The first thing you will need to decide is what meter to use in writing the poem. As this is an exquisitely crafted Parnassian story, in which pathos is developed by precision of details and a sort of situational irony rather than by sentimental language and melodramatic speeches, you should choose a verse form associated with a similar literary style in English, perhaps blank verse (i.e. unrhymed iambic pentameter), heroic couplets, or a French form like a villanelle in which you can use a refrain about the necklace itself, to express its weight in the characters' lives by repetition. Free verse would fail to give a sense of the structural precision and formality of the story.
Next, you need to decide whether you are writing for an audience familiar with the story. For example, if you look two very good models, Tennyson's "Ulysses" and "Lotos-eaters", both presume the reader knows Homer, and thus the author can focus on the nuances of a single experience rather than simply retelling the entire narrative. If the reader is presumed unfamiliar with the story, you might recast the entire narrative as a ballad.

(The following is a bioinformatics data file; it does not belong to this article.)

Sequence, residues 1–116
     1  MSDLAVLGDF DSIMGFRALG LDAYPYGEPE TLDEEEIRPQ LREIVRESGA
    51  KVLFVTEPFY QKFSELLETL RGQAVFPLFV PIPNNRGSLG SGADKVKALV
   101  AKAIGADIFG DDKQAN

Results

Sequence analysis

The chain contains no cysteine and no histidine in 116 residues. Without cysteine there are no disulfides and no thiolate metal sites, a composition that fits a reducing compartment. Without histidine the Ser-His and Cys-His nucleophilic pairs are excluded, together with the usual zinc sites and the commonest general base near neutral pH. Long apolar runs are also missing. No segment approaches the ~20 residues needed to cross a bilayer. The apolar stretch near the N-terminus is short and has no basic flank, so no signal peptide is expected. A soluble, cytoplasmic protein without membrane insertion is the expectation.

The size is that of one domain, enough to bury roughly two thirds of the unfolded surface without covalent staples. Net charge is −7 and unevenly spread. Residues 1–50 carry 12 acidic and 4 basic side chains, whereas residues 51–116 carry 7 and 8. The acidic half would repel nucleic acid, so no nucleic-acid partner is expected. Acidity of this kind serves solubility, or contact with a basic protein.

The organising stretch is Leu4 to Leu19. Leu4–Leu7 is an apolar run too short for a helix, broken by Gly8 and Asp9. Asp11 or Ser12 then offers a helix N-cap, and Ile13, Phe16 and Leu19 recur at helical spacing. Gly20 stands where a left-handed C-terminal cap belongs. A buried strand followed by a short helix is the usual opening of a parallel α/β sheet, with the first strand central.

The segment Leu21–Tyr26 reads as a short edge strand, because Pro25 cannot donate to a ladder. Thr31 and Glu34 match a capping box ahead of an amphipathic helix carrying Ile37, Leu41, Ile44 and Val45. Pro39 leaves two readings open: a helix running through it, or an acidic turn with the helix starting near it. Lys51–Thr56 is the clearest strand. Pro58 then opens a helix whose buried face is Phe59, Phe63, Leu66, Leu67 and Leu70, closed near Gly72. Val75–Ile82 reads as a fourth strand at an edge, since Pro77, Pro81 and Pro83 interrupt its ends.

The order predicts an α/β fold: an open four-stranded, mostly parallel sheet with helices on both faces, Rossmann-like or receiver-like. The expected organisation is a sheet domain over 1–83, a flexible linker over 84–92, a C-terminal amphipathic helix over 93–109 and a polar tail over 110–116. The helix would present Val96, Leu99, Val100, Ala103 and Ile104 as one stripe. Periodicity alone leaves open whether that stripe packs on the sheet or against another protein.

As you write the poem, you want to focus on three major events, skipping much of the background, as relatively short, non-epic poetry is about peak moments of emotion; these three events would be Mathilde's moment of triumph at the ball, her discovery of the loss of the necklace, and her final discovery that the necklace was fake.